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Anticipatory Grief of Emergency Visits to the Hospital

Anticipatory grief is a feeling of loss before a dreaded event or death occurs. I experienced anticipatory grief when my husband’s aorta dissected in 2013. Surgeons operated on him three times to staunch the blood loss. During the last surgery—13 hours, four surgeons—he suffered a spinal cord injury that paralyzed his legs. Miraculously, my husband survived the surgery, and was hospitalized for eight months.

Finally, he was dismissed and moved into the wheelchair accessible townhome I built for us.

Although he tries to be independent, my husband needs lots of back-up care, and is susceptible to colds. Recently he developed asthma, and his breathing was so labored, I took him to the hospital Emergency Department. The medical team gave him oxygen, and assigned him to a hospital room.

I went home to a quiet house. When I walked in the door, the quiet hit me like a falling boulder.

If my husband died, this is the way it would be—a solitary, quiet, depressing place. Because I’ve studied anticipatory grief for years, felt it before, and written about it, I knew this was what I was feeling. Knowing I was experiencing anticipatory grief didn’t lessen its intensity.

After a day and a half in the hospital my husband was dismissed. He returned home, and we expected him to recover. He didn’t. In fact, his coughing became worse. A week passed, and during this time he coughed constantly and was very weak. I told him that he needed to go to the hospital, but he didn’t want to go. The next morning, when I walked into his bedroom, he was gasping for air, and obviously in trouble.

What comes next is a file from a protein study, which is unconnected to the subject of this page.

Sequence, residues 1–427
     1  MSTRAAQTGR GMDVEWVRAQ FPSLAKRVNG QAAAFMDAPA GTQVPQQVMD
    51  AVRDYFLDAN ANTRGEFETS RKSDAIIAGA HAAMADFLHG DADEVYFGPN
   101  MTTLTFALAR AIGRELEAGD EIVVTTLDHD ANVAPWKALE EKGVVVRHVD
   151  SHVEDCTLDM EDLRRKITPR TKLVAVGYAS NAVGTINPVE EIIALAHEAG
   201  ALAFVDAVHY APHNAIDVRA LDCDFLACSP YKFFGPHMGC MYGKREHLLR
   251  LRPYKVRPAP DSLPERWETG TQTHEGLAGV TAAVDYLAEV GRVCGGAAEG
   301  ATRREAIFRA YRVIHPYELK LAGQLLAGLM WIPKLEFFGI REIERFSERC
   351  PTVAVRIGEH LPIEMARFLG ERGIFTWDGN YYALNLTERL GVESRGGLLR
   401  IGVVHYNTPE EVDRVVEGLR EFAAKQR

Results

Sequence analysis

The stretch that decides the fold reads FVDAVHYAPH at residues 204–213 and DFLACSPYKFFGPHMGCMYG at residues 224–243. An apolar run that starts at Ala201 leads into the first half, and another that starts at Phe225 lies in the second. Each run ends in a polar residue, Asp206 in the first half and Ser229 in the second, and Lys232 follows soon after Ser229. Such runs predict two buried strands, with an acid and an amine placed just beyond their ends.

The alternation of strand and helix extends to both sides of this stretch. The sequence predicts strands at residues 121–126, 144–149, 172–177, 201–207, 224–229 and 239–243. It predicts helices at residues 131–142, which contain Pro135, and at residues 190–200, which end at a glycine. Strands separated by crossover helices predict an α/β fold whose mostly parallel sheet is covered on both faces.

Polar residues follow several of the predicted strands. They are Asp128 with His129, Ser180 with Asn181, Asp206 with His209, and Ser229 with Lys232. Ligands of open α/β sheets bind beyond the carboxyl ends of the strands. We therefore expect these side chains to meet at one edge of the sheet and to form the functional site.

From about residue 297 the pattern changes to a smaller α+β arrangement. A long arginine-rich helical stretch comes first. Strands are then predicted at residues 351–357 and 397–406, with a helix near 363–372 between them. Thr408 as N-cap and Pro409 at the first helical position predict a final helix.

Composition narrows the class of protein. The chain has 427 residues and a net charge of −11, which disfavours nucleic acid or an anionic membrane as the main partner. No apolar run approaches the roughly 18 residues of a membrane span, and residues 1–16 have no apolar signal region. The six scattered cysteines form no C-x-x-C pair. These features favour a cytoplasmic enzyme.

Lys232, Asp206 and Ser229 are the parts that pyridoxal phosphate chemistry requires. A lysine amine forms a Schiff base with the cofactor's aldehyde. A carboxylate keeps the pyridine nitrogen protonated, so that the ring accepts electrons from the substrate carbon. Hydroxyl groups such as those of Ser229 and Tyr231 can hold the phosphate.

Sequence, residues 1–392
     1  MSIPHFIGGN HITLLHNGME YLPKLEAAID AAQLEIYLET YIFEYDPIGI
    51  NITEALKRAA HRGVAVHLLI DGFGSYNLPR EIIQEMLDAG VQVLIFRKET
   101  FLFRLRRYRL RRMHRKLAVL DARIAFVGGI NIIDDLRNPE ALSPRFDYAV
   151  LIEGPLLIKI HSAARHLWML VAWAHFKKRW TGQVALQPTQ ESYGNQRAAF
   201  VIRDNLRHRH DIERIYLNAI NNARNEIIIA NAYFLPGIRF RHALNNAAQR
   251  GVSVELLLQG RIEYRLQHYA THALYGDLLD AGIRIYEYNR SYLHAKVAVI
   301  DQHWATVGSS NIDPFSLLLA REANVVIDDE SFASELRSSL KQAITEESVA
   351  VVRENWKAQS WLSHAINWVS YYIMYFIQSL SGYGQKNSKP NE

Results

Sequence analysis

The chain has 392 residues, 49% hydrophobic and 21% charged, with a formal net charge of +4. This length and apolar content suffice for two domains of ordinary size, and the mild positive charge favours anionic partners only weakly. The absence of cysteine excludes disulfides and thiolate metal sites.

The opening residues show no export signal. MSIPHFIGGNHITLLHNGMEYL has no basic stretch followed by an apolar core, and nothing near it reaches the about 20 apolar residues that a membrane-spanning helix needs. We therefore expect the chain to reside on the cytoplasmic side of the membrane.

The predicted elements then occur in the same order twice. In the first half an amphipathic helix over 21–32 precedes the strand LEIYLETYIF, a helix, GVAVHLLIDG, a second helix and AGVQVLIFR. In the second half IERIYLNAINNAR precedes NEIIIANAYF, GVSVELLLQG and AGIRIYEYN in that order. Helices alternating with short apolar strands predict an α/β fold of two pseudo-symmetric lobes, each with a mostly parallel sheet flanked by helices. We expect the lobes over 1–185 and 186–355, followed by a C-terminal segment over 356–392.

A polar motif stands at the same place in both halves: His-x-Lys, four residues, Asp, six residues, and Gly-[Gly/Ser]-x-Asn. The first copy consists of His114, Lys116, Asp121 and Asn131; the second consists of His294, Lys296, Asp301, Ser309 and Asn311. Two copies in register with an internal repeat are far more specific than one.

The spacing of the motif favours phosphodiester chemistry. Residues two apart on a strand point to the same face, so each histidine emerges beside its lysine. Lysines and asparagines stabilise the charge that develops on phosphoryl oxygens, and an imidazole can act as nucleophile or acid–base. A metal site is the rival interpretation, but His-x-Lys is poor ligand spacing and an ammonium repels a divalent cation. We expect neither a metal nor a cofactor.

“We’re going to the hospital,” I declared.

The medical team gave him oxygen and ordered chest x-rays. The x-rays revealed pneumonia in his left lung, and he was hospitalized. Again, I returned home to a silent house, and felt intense anticipatory grief. I worried about my husband constantly. I worried so much I started to plan his memorial service, including readings and hymns. You may have had a similar experience.

We can’t let anticipatory grief take over our lives. These are the steps I took to contain my grief, and they may help you.   

  • Learn more about anticipatory grief and be on the lookout for it.
  • Take steps to lift your spirits. Listen to uplifting music, read a book, or go to a street fair.
  • Trust the health care team. Doctors, nurse practitioners, nurses, nursing assistants, and social workers are well-trained, and have your loved one’s welfare at heart.
  • Stay in touch with family. I updated family members regularly on what was going on.
  • Accept help. Relatives who lived on the next block invited me over for pizza and we had a good meal and good conversation.
  • Don’t give in to negative thinking. When a negative thought comes to mind, counter it with a positive one.

Anticipatory grief isn’t all bad. According to some research findings, it can reduce the length of post-death grief. This troublesome form of grief may also help us to appreciate the miracle of life.

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About the Author

Harriet Hodgson has been an independent journalist for 35+ years. She is a member of the Association of Health Care Journalists, Association for Death Education and Counseling, Minnesota Coalition for Death Education and Support, and World Speakers Association. Hodgson is a Forum Moderator/Writer for and author of eight grief resources.

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